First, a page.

Latin name

Raja clavata

Other names

Raja clavata


The body is rhomboid, the head is short and the wing-like pectoral fins are pointed at the ends. The upper side is rough and spiny, covered with a pattern of light and dark spots. The underside is white. There are two small dorsal fins on the back of the tail, covered with light and dark cross-strips. A row of slender, needle-like spines on the back and upper part of the tail is characteristic. Adults have additional spines on the upper and lower wings. 


Occupies the east coast of the Atlantic Ocean from Iceland, Norway and the North Sea to South Africa. Present in the Mediterranean, Black Sea and has been found in the Sea of Azov.


They inhabit sandy and muddy seabeds at depths of 20 to 300 metres. In the eastern Ionian Sea, they have been found at depths of up to 577 metres. 


Males reach about 50 cm (20 in) in width at first maturity, about seven years after birth; females reach 60-70 cm (24-28 in) at first maturity, nine years after birth. The average weight is about 10 lb (4.53 kg). Larger fish can weigh 9.07 kg (20 lb) or more.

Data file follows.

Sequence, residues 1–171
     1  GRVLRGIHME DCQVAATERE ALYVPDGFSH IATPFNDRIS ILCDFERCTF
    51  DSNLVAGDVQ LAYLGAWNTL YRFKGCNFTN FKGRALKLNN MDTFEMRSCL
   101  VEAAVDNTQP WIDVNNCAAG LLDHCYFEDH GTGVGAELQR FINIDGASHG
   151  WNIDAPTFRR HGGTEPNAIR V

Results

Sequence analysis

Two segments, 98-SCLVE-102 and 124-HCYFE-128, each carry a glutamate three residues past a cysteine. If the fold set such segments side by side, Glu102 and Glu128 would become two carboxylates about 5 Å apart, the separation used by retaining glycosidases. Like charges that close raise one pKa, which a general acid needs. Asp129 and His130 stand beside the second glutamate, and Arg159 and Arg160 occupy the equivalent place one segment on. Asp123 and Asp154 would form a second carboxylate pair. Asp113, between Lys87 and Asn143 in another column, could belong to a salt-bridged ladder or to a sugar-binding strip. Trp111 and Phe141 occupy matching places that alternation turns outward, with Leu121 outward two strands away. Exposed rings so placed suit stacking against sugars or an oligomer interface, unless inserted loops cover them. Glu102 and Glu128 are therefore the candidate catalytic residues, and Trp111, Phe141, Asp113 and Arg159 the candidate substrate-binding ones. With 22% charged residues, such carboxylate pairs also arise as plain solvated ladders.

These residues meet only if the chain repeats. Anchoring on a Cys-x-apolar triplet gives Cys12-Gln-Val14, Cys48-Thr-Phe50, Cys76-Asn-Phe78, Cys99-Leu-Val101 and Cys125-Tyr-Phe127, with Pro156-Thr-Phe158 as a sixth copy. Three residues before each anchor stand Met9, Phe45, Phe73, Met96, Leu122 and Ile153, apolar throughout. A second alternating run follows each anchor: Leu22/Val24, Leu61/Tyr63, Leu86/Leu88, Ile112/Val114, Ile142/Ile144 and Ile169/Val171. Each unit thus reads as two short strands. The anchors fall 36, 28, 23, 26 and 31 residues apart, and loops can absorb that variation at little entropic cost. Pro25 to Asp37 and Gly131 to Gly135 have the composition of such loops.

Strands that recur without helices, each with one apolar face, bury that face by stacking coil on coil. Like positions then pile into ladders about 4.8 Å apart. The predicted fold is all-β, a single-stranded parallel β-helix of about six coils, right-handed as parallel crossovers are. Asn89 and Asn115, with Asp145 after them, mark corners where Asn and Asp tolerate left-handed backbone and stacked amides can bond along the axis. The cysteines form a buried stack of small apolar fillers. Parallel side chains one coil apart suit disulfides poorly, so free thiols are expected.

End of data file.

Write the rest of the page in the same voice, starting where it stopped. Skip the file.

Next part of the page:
Life history and Behavior

Sexual maturity occurs at about seven to eight years of age, usually earlier in males than in females. The maximum lifespan of this species is 15 years.

Food and feeding habits

They feed on bottom dwelling invertebrates, mainly crustaceans, and small fish.


Like all rays, thornback ray are characterised by egg-laying. Mating takes place in spring. The females then lay one egg a day for several weeks, with a total of 50 to 170 eggs per year. The eggs hatch within four to five months. The hatchlings are 4.3 to 5.1 centimetres long. They survive by feeding on the yolk of the eggs. 

Phylum Chordata
Class Chondrichthyes
Squad Rajiformes
Family Rajidae
Genus Raja
Species R. clavata
Conservation status Near Threatened
Habitat Bottom
Life span, years 15
Maximum body weight, kg 9,07
Maximum length, cm 70
Sailing speed, m/s No information
Threat to people Edible
Way of eating Predator

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Thornback ray

Tags: thornback ray